Pratt Institute is the latest fashion industry establishment to unveil an incubator program designed to help emerging designers succeed.
On Tuesday night, Pratt Institute's Brooklyn Fashion and Design Accelerator (BF+DA for short) will officially be unveiled. The 21,000-square-foot facility, which is located in the Pfizer building in South Williamsburg, was created to help design startups establish and grow their businesses.
The BF + DA features work space, a showroom, a conference room, a 3-D fabrication lab with 3-D printing and laser-cutting services, a sample development studio and other small-run manufacturing capabilities, as well as a retail space where the public can shop and meet the designers, WWD reported.
There are currently 16 entrepreneurs, or "venture fellows" as they're called, based at the Brooklyn accelerator, and 12 more are expected to move in in the coming months.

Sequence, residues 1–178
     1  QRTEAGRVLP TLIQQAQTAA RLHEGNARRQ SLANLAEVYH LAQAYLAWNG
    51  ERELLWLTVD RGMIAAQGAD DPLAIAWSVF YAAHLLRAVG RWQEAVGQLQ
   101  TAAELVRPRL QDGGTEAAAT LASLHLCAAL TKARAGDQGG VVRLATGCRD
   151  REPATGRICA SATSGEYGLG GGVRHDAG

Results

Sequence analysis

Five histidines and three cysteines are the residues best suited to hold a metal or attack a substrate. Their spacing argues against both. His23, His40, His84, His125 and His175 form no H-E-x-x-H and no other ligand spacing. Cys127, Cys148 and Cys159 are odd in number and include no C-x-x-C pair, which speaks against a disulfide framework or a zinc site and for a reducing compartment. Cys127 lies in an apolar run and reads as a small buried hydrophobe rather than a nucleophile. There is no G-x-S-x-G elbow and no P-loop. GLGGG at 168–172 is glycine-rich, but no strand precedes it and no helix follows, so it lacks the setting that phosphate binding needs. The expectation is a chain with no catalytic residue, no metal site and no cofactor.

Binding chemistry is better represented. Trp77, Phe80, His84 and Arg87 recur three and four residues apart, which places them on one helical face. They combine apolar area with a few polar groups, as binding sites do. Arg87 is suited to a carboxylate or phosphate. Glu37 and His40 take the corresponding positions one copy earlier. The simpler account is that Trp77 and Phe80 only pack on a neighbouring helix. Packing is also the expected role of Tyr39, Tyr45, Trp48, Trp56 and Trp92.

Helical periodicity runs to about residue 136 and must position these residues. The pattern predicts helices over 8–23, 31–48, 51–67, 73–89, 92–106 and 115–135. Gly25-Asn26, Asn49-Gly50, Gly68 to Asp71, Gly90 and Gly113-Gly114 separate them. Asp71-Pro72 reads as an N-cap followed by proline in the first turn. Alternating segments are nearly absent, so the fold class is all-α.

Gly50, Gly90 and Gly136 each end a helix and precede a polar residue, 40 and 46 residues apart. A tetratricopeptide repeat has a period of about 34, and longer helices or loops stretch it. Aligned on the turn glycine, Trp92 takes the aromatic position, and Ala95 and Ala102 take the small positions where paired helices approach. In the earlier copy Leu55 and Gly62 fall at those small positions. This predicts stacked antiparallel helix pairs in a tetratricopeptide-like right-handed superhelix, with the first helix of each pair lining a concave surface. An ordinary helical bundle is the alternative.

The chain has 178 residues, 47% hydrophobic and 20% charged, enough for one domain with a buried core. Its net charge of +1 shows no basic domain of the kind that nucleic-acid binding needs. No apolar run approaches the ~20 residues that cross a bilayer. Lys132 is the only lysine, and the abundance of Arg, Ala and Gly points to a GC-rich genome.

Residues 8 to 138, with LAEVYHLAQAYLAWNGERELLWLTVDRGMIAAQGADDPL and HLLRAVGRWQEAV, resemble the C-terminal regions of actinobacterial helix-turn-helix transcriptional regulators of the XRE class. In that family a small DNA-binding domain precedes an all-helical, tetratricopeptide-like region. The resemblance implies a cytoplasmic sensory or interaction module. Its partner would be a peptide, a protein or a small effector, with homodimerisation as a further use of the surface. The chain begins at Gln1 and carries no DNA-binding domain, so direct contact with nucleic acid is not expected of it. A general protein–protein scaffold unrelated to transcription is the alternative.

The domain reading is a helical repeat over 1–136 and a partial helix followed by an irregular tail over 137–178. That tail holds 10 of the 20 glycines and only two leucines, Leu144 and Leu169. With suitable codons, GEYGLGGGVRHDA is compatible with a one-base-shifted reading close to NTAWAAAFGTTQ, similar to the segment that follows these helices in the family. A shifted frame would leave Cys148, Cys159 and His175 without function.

"It occurred to me that we needed this space for students to expand their ideas and to possibly become viable businesses," Debera Johnson, executive director of the BF+DA, told Fashionista.
According to Fashionista, the BF + DA looks at five things when considering who gets to become a venture fellow — design innovation, their mission, a commitment to reducing social and environmental impact, growth potential and culture fit. Designers are allowed to stay in the space for a maximum of three years, and each one gets reviewed every year. In addition to access to the tools BF + DA offers, participating designers will also get valuable mentorship.
"It's important for us to create a community of people that have a similar value set to create a really generous, giving community," Deborah Alden, BF + DA managing director, told Fashionista.
"We have to be careful how we curate the companies coming in so they don't feel highly competitive, but they feel highly supported and interested," Johnson added.
Additionally, BF + DA also plans to team up with a yet-to-be-named group to create an apprenticeship program for 18- to 24-year-olds who live in the neighborhood to teach them what it takes to run a successful fashion business.